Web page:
Babai, May 1970
The commute from Bombay’s financial center to Babai was living hell. Lalita’s feet ached as stinking workers crushed in on her from all sides, some on purpose, and eyes like hot coals raking over her body. As the rickety bus approached her village and slowed, she mustered all her courage and jumped off. Her mood lightened on the walk home. Finally, no jerks brushing against her breasts or pinching her buttocks.
She thought about Mr. Behera, so kind and gentle. Who would have imagined the big boss’s son—heir to the Behera Group—would take an interest in a barefoot Dalit, an invisible sweeper girl? He noticed her burn marks and offered to take her to a real doctor. She pictured the gold necklace he gave her, saying she could sell it if she ever needed money to escape her husband. But how could she? For someone who grew up in Bombay’s sprawling shantytown, it was like owning a piece of the sun. Lalita valued the necklace more than her life.
Most of all, she treasured the man, who treated her like a goddess. The young heir to the Behera Group was always respectful, gentle, never trying to take advantage of her. Unlike every man she’d ever known, starting with her useless father. A pair of ruddy shelducks soared above. She shook her head—if only humans were so loyal to one another!
Lalita passed the neighborhood shrine to Shiva, where a yogi sat cross-legged meditating under a majestic banyan tree. A garland of rudraksha seeds hung over protruding ribs. Long coils of matted hair looked like aerial roots, as if he had merged with the tree. What a blessed life, sitting day after day in a trance. No job, no chores, no money problems, and best of all, no useless husband. She had been married only two years, but that was one and a half too many. The trouble started when Ram lost his position guarding a sprawling bungalow on Malabar Hill. Soon he was drinking away her meager earnings and stubbing out cigarettes on her arms.
She finally arrived at her hut at the edge of a wide field of bright yellow sunflowers. She made herself a cup of dark-brown tea—ek sau mil chai, the kind that could sustain a trucker for one hundred miles. She drank from the saucer and waited for the caffeine to kick in. After checking the rice and dal for small stones, she threw a cow dung cake into the mud stove and sprinkled it with kerosene. She was about to light the fire when Ram burst through the door. “What’s for dinner?” he yelled, slurring his words.
“What do you think,” Lalita snapped, “beefsteak?”
“How about some meat, you slut? I’m craving goat curry!”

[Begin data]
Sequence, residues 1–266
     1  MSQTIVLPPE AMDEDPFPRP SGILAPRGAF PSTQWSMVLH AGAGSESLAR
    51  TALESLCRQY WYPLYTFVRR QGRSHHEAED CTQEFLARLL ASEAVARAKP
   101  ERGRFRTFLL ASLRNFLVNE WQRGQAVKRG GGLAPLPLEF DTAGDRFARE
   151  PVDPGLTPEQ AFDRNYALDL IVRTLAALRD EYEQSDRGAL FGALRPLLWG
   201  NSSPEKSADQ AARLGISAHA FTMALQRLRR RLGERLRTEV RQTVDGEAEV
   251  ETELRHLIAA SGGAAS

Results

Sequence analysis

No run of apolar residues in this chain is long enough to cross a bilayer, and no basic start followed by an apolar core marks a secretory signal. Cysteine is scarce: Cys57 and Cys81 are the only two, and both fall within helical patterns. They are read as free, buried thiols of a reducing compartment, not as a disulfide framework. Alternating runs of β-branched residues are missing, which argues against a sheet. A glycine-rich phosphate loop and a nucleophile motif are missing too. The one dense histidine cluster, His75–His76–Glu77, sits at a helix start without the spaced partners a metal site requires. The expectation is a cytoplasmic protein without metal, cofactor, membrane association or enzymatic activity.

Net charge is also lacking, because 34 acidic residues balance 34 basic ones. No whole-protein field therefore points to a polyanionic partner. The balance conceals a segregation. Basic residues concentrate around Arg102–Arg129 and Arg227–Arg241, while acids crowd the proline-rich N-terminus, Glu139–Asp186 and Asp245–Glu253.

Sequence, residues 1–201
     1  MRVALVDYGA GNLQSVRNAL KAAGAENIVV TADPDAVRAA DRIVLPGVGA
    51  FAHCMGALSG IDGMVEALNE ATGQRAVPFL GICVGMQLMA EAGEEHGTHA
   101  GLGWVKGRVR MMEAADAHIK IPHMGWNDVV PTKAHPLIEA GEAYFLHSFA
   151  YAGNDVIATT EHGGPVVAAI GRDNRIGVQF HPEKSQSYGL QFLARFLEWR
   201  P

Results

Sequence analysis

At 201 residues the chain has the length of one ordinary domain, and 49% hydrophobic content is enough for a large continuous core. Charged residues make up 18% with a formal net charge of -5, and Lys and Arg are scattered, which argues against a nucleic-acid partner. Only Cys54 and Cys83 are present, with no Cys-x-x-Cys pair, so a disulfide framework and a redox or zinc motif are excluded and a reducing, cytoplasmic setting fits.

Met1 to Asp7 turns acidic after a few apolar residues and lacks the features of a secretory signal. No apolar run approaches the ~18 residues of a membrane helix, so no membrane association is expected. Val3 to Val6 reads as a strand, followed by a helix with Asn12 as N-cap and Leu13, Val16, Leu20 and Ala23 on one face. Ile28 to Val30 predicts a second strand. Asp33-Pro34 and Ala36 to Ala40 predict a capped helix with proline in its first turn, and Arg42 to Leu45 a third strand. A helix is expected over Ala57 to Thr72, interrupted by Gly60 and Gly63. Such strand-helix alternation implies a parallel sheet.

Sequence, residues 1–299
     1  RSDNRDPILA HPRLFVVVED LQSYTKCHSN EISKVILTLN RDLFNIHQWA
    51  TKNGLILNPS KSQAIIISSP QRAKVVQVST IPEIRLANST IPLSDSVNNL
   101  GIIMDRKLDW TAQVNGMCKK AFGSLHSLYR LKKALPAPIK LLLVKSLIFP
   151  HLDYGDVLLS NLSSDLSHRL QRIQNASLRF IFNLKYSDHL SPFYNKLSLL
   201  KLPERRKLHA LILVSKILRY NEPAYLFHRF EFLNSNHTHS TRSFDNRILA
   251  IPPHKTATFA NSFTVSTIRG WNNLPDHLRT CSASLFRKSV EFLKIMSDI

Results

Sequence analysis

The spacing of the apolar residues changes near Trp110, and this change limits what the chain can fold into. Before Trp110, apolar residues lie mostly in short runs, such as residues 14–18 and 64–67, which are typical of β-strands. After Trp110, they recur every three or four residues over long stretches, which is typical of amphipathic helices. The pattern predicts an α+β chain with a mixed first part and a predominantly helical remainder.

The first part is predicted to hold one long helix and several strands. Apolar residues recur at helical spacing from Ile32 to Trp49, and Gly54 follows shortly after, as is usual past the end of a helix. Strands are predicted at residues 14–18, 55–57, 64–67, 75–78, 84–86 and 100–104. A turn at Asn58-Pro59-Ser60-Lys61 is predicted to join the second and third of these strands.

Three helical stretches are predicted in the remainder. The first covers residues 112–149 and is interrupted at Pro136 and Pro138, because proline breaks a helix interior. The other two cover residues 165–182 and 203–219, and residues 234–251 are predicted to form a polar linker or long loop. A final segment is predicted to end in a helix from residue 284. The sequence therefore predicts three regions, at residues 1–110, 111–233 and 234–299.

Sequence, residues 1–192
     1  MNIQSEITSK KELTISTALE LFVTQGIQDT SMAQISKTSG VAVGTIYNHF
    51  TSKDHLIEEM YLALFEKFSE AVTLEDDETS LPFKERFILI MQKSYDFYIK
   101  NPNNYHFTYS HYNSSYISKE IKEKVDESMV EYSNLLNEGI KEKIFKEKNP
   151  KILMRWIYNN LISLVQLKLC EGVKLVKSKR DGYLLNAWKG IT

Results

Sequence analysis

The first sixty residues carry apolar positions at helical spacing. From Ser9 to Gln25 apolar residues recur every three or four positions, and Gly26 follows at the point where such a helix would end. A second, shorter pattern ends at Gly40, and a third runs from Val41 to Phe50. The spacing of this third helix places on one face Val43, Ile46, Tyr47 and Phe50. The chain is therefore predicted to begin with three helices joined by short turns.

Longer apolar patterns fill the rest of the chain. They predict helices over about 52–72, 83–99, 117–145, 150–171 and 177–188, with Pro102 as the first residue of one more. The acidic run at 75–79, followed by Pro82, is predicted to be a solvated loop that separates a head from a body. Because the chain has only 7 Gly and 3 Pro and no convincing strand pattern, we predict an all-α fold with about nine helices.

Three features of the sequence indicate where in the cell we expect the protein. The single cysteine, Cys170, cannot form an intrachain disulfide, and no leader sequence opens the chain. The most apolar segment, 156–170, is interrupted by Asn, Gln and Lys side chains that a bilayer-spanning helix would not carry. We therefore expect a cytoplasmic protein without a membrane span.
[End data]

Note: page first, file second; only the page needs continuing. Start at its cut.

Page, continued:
“Then stop banging every girl in the village and get a goddamn job!”
Lalita could smell fresh coconut oil wafting from Ram’s direction. Who’s he screwing now? “Fuck you, whore! You’re the one who’s sucking every dick at that fancy office of yours!” On most days, the conversation would have ended there; Ram would make his way to the string cot in front of the hut, fall asleep, and snore like a bulldog until dinner. After filling his belly, he would slobber her face with kisses or rip off her sari. But not tonight. He stumbled around and kicked the earthen jug. Water gushed onto the dirt floor. “Bastard, I got up at 5 a.m. to fetch that water!”
Ram pulled a small bottle of whiskey from his pocket, took a swig, and swaggered over to the shrine where Lalita did her daily puja. He grabbed the stone goddess and threw it across the room. Lalita scrambled to pick up the deity. It had landed at the foot of a small trunk, which she had recently inherited from her mother. Ram staggered over to the trunk and kicked it.
“What’s in there, anyway?”
“I’ve told you a hundred times, my wedding dress and some old clothes. Now get out of my way so I can cook.” Ram flipped open the top and pushed the trunk over. The contents flew onto the floor. Lalita quickly charged her husband, hoping to distract him.
“What the hell is this?” he growled, picking up a folded silk sari from the wet dirt. The necklace tumbled out. Ram’s face turned red.
He looked like a rakshasa, a wrathful deity full of bloodlust. “You tramp! Where’d you get this?”
“I bought it with money I’ve saved up.”
“Stupid liar.” He seized her by the hair and pushed her against the wall. Then he started rummaging through the items. “And what’s this?” he roared, holding a pen and ink drawing of Lalita dressed in a shiny green sari. The gold necklace hung from her neck. He slammed the drawing into her face, crushing her nose.
“It’s a drawing, what do you think?”
“It’s you, isn’t it? Wearing a silk sari and that motherfucking gold necklace! Who did this?”
“Shree Behera, the big boss’s son. He likes to draw. He draws all his employees. I don’t know why.”
“Even scum sweepers like you? He gave you the necklace, didn’t he?”
“No! I told you, I—”
“He’s fucking you in the ass, isn’t he, you wench?” Ram grabbed the tin of kerosene near the mud stove. He caught hold of Lalita’s arm and dragged her behind the hut. She squirmed and struggled, finally freeing herself. She ran like the devil, but he tackled her in the neighbor’s field. He doused her with kerosene, from head to toe.
“No! No!” she screamed, her lithe body flailing like a caught fish.
Ram jammed his knees onto her legs and chest, pinning her to the ground. With his arms free, he lit a match and tossed it onto her. Then he jumped back. In seconds, Lalita turned into a living torch. She screamed, running this way and that until she collapsed in a patch of yellow flowers. A woman rushed out of a nearby shed with a bucket of water. But it was too late.